The Pit Bull in America – Part 2

A series of articles presenting information, documents and stories about the development of the breed and its relation with the Old Family dogs.

The Pit Bull in America – Part 2.

In “The Pit Bull in America — Part 1″ we have learn a little about some of the breeders who were the basis for the foundation of the breed and informations on one of the possible origins of the Old Family strain in the United States through the legendary breeder John P. Colby.
In this article I will talk about another breeder who “never” or rarely was mentioned in history and should be remembered in the same way and importance as other great breeders of the time as John P. Colby himself.

Mr. and Mrs. Colby with their four young children — (1914)

During my research to find out where the Old Family genes had manifested the most in Colby’s bloodline I found an unusual pattern. Whenever I found a Colby dog red or red brindle, a breeder appeared in these pedigrees, his name is Henry Colligan.

Through the information collected so far, it was possible to estimate a date in which Henry Colligan had his dogs, through the first record available on the online pedigree database and a rare photo with J.P. Colby.

The first dog of this breeder registered in the “APBT Online” database was a bitch called Colligan’s “Queen”, born approximately between the years of 1870 and 1880; One of her puppies a bitch named Mc Intyre’s “Jessie” breed with the legendary Double GR CH Galvin’s “Pup”, giving birth to a bitch named Donahue’s “Sal” (Dowd’s Old Sal) that again was breed with Galvin’s “Pup” (inbreed) and gave birth to Colby’s “Jennie” 1xW, born in 1890 and breed with the famous CH Colby’s “Paddy” 3xW, giving birth to Colby’s “Tige” 2xW.

For several years Henry Colligan bred his dogs along with John P. Colby which led me to believe that they could have some kind of partnership or maybe H. Colligan was J.P. Colby mentor.
Here is some pedigrees of Colligan’s dogs, a special mention to Colligan’s “Queen” an important individual for the foundation of Colby’s dogs:

Colligan’s Queen
Colligan’s Mizery (Colby’s)
Colligan’s White Head Bitch
Colligan’s Marshall Bitch
Colligan’s Young Bitch
Colligan’s Rose
Colligan’s Ranger

Colligan’s “White Head bitch” is mentioned in the book “The American Pit Bull Terrier (History of Fighting Dogs Series)” by Joseph L. Colby.

Pincher was the grand-sire of Harry Clark’s Kager, winner over some of the best dogs in the country; Bruce’s Battle an outstanding proven game dog; Colby’s Dixie, alias Curry’s Man-o-War, winner over Sprague’s Hot Rock and fought three hours, fifty minutes to a draw against Armitage’s Bob; also Curry’s King, winner over the great dog, Captain, in 4 hours 12 minutes; Colby’s Jerry, Colby’s Nancy, Colligan’s White Head bitch; Hillery’s Sal, and many more proven game pit dogs.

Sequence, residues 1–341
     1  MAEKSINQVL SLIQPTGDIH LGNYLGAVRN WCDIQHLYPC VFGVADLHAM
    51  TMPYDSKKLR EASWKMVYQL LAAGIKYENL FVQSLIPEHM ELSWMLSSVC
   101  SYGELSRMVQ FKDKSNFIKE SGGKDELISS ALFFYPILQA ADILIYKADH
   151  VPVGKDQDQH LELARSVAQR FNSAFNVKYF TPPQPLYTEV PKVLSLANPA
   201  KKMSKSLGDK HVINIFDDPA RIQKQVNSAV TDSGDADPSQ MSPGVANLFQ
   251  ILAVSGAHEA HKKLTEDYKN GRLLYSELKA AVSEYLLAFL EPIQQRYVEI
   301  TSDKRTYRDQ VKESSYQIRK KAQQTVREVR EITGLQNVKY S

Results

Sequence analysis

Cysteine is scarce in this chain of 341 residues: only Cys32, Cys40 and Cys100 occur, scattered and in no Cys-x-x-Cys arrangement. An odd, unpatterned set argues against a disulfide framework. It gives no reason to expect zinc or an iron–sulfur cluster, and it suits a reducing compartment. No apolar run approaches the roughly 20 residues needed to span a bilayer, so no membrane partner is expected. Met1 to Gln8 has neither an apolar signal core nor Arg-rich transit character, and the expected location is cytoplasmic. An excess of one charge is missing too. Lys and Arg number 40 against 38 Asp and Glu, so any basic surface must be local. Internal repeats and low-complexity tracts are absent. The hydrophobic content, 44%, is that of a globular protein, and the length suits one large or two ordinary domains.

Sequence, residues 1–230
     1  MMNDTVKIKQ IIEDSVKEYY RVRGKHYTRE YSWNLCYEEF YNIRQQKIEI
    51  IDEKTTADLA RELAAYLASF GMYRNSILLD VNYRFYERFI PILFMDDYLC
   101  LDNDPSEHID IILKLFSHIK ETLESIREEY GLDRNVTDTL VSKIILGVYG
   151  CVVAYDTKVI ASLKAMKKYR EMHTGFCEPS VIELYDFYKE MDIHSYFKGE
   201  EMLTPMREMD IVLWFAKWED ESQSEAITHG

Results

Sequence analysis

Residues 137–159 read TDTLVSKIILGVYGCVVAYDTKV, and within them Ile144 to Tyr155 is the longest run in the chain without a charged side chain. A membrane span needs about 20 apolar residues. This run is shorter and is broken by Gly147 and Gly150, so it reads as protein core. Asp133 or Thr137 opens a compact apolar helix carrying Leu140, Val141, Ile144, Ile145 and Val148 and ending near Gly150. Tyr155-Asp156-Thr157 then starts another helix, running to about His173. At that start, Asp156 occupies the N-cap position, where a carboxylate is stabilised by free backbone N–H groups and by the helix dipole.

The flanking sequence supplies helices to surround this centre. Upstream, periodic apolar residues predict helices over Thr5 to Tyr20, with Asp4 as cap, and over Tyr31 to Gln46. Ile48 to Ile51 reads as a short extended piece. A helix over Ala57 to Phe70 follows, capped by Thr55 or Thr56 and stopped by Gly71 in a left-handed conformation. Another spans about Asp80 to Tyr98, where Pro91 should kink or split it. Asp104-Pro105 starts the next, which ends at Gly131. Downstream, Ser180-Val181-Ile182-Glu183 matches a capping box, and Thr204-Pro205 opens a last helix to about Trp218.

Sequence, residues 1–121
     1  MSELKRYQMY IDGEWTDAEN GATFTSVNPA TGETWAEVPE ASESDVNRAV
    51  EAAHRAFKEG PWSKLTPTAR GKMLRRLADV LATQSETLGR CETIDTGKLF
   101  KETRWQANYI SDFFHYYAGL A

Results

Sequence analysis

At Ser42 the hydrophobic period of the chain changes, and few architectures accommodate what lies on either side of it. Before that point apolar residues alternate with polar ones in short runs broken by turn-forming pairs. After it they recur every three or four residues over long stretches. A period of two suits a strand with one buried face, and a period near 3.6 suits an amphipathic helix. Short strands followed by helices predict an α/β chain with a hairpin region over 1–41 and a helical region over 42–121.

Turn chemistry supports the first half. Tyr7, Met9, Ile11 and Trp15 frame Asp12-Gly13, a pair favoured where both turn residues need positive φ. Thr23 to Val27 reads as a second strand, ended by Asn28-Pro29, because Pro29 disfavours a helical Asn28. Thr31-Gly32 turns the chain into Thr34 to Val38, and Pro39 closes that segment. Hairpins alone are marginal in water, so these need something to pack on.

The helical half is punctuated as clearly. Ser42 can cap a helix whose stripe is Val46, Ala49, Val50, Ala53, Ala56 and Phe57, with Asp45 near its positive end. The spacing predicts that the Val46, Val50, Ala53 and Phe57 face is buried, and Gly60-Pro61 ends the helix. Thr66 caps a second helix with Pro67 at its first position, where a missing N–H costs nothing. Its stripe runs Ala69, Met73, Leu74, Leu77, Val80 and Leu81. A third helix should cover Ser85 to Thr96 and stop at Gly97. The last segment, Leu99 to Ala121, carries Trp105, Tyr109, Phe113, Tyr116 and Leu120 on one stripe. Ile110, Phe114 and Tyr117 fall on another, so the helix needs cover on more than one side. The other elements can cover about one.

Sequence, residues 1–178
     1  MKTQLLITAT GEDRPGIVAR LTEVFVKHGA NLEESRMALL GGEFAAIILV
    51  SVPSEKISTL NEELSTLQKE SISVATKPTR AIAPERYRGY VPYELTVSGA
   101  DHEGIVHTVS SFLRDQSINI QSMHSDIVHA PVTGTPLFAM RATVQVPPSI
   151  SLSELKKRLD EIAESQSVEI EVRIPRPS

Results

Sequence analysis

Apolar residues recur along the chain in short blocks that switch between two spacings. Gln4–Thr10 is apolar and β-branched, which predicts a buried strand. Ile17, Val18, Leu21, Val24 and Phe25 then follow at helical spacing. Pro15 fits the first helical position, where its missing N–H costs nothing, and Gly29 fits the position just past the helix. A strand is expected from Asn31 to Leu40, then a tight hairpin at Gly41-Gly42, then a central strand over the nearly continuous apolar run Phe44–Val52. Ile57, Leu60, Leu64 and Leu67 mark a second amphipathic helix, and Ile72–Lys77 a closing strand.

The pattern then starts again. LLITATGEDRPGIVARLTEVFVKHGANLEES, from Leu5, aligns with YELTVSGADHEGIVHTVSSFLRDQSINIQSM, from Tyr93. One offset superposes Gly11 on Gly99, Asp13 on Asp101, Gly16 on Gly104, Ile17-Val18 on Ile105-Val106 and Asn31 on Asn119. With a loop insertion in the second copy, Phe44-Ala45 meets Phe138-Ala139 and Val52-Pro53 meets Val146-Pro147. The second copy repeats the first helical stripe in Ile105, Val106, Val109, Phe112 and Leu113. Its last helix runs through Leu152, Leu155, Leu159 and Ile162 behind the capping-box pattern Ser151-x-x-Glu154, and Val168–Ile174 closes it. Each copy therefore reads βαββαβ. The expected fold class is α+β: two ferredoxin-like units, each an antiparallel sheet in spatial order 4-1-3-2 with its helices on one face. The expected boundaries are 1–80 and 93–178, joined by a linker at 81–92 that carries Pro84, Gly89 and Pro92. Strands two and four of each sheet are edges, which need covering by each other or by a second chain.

Some of the dogs mentioned in the book “The American Pit Bull Terrier (History of Fighting Dogs Series)” by Joseph L. Colby

Im still trying to find how Colligan’s “Queen” (the first register avaiable from Colligan’s bloodline) was breed, she could have shared the same Irish Old Family blood as “Galtie” or other Old Family blood unknown at the time; Colligan’s “Marshall Bitch” was breed with Colby’s “Galtie”, giving birth to Colby’s “Demo” a red (black nose) dog with heavy Old Family blood from “Galtie” and possible from “Marshall Bitch”. “Demo” is mentioned in the book “Colby’s Book” by Louis B. Colby and Diane Jessup

J.P. Colby’s Demo (UKC 189–038) a red male sired by Colby’s Galtie and out of Colligan’s Marshall Bitch. Demo was kept in Newburyport by John O’Donnell who ran a restaurant there on Inn Street.
While bred from some of the most renowned fighting dogs in history. Demo would not bother a dog unless attacked, and ran the streets of Newburyport at will. He was a friend of a great many people around the town, especially the school children at the school yard where he visited. Demo was the sire of Colby’s Brandy, a solid brindle dog with a temperament just the opposite: Brandy liked grab anything that had fur and four legs, including a bitch in heat. Dog agressiveness has no correlation to bred-in gameness.

Also Lightner’s “Topsy” a red (red nose) dog owned by Bill Lightner but a Colby bred dog who had a tight blood from Colby’s “Tige” 2xW who had a high percentage of Colligan’s genes.

This dog was hand picked by J. P. Colby for Bill Lightner to be bred to his Masterson Jack dog. Colby’s Tige was the sire and maternal grand sire of Topsy.

From left to right, T. Byron, J. P. Colby, P. Reardon and H. Colligan in the year 1920.

In this rare photo, we can see that H. Colligan is visible older than J. P. Colby. Could he be the mentor behind the incredible work done by Colby’s family over the years?
It’s said that Henry Colligan was a close friend of J.P. Colby for over 40 years and that he was known as one of the best pitdog men in the Boston area.

Henry Colligan and Mike Colby — Circa (1940)

I hope you have enjoyed this journey through the history of the foundation of the breed, my goal with this article is to promote the study and research of the American Pitbull Terrier, feel free to contact me, we can both learn and discover new pieces of history together.

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*All images and information used on this article are from my research through the archives of APBT.Online-PedigreesPedigree.gamedogs and the magazine collection “The Dog Fancier” from the library of the University of Michigan. Digitized by Google.

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